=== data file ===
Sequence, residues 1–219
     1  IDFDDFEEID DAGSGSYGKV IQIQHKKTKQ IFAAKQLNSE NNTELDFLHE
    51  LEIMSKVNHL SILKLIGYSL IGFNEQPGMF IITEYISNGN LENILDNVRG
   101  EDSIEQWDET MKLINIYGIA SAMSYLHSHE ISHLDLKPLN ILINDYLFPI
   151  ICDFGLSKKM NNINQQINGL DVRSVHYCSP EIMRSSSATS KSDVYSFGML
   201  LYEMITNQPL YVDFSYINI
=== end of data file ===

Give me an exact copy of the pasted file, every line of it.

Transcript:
Sequence, residues 1–219
     1  IDFDDFEEID DAGSGSYGKV IQIQHKKTKQ IFAAKQLNSE NNTELDFLHE
    51  LEIMSKVNHL SILKLIGYSL IGFNEQPGMF IITEYISNGN LENILDNVRG
   101  EDSIEQWDET MKLINIYGIA SAMSYLHSHE ISHLDLKPLN ILINDYLFPI
   151  ICDFGLSKKM NNINQQINGL DVRSVHYCSP EIMRSSSATS KSDVYSFGML
   201  LYEMITNQPL YVDFSYINI